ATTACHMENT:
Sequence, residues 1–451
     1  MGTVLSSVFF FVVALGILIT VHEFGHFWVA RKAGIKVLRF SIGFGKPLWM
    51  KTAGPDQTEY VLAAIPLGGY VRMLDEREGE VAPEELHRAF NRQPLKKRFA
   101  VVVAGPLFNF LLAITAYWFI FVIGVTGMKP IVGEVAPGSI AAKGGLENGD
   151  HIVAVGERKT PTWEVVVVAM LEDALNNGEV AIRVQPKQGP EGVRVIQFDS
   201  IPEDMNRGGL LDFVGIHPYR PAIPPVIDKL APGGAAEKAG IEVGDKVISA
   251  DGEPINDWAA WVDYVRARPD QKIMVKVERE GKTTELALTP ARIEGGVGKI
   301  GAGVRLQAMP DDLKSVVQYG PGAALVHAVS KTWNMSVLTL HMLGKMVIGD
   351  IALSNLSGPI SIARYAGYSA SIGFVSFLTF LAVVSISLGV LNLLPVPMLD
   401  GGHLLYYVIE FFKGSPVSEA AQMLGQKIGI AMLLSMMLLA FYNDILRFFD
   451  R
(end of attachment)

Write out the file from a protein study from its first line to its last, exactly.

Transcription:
Sequence, residues 1–451
     1  MGTVLSSVFF FVVALGILIT VHEFGHFWVA RKAGIKVLRF SIGFGKPLWM
    51  KTAGPDQTEY VLAAIPLGGY VRMLDEREGE VAPEELHRAF NRQPLKKRFA
   101  VVVAGPLFNF LLAITAYWFI FVIGVTGMKP IVGEVAPGSI AAKGGLENGD
   151  HIVAVGERKT PTWEVVVVAM LEDALNNGEV AIRVQPKQGP EGVRVIQFDS
   201  IPEDMNRGGL LDFVGIHPYR PAIPPVIDKL APGGAAEKAG IEVGDKVISA
   251  DGEPINDWAA WVDYVRARPD QKIMVKVERE GKTTELALTP ARIEGGVGKI
   301  GAGVRLQAMP DDLKSVVQYG PGAALVHAVS KTWNMSVLTL HMLGKMVIGD
   351  IALSNLSGPI SIARYAGYSA SIGFVSFLTF LAVVSISLGV LNLLPVPMLD
   401  GGHLLYYVIE FFKGSPVSEA AQMLGQKIGI AMLLSMMLLA FYNDILRFFD
   451  R